OutConn do) all actions performed are recorded as if performed by bearer
of that license that is not always desirable.

Yea, auth is another thing to consider, good point.

About this particular use case. Zato already has transport-level
security and that would stay in connpacks. I understand you’re rather
thinking of business-level security?

So for instance, this imaginary request to do something with some parts:

{
‘part_id’: 123,
‘action’: ‘cancel_production’,
‘api_client’: ‘HZBAZA’
}

would still use, say, HTTP Basic Auth for authentication but
additionally would provide this particular external system’s
authorization key (here - ‘api_client’)

I’m just not familiar with Salesforce at all, I was only using it as an
example of a non-trivial API, so I’m not sure if this is the feature needed?

Another point is that your Twitter example didn’t list the URL in the
JSON below (i’ve just quotes it). Update it please for extra clarity:

{'conn_pack': 'Twitter':
    {
    'name': 'friendships_update',
    'api_form': 'REST',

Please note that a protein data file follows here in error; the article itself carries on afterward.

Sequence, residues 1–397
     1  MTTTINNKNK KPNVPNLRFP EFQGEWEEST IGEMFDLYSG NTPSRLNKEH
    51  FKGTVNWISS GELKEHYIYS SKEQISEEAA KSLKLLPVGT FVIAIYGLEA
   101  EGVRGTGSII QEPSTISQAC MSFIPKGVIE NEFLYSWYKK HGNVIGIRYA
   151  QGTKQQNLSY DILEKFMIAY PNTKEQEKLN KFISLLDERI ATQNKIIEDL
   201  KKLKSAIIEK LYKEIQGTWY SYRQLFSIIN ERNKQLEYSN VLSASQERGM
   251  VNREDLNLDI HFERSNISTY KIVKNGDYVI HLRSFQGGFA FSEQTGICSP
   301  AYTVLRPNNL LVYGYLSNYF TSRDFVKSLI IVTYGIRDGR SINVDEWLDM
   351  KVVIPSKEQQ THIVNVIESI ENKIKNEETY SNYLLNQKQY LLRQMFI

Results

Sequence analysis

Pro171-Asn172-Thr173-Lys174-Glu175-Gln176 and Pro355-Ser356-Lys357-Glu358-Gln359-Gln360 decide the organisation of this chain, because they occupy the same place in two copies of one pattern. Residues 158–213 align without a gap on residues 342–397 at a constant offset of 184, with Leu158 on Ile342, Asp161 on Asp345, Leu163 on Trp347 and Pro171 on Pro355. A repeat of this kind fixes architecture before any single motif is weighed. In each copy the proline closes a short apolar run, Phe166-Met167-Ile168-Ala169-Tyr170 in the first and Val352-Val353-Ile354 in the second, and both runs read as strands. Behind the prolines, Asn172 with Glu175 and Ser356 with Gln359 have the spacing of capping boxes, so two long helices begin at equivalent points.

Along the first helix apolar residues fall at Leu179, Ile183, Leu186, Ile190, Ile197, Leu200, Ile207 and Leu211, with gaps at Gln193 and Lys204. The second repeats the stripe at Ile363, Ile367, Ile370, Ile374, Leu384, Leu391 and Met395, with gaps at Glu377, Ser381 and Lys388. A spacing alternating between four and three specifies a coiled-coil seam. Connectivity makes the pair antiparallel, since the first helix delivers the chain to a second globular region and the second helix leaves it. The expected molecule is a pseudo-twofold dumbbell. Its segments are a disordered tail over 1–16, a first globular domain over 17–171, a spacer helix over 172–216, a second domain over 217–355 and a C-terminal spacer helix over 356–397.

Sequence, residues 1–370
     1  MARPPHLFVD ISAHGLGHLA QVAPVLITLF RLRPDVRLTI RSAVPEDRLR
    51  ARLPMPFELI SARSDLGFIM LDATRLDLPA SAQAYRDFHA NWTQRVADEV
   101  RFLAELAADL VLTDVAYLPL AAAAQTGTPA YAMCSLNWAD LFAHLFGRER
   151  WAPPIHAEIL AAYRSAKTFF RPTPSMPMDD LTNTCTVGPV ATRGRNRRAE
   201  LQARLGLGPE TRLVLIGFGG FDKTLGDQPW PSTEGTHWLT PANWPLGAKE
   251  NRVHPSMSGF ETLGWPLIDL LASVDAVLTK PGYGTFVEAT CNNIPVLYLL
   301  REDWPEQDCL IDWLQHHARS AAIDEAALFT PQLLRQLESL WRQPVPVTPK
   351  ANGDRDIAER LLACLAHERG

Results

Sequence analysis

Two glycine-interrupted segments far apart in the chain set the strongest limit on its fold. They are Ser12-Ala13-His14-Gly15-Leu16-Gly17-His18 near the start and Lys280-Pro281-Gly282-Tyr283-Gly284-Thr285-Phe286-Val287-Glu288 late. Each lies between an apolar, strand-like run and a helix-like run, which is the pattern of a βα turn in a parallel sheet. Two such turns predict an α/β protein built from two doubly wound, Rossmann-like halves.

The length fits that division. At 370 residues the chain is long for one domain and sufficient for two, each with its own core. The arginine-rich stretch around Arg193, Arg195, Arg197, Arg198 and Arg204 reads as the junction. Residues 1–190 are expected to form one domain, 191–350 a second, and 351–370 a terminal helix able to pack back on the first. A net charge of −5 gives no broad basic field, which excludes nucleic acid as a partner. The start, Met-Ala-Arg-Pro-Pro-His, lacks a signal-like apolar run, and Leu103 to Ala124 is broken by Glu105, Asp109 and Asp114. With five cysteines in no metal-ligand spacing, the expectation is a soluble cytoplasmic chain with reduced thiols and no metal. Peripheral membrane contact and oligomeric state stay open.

'method': 'POST'
    }
}

Right, this should too be added, however it needs some careful approach.
I wouldn’t really like to turn the whole thing into WSDL in JSON -
nested JSON is only slightly more readable than nested XML. So I guess
it could be done in a separate file. In that case a connpack would be a
directory of JSON documents, one for connection details, one for API
services provided by a system.

Regarding distribution of Connection Packs… What are the reasons for
the CLI connpack command?

Sure, that would only be a wrapper command. You could still easily just
drop a connpack package somewhere (pickup dir).

Is there reason for anything beyond Python
packages for distribution? For simpler approach, can we just drop
tar/zip/egg in pickup-dir? I’d like all JSON parsing and Service
generation magic to happen during that module/package import. This would
even let having single-py file Connection Pack (with JSON you mentioned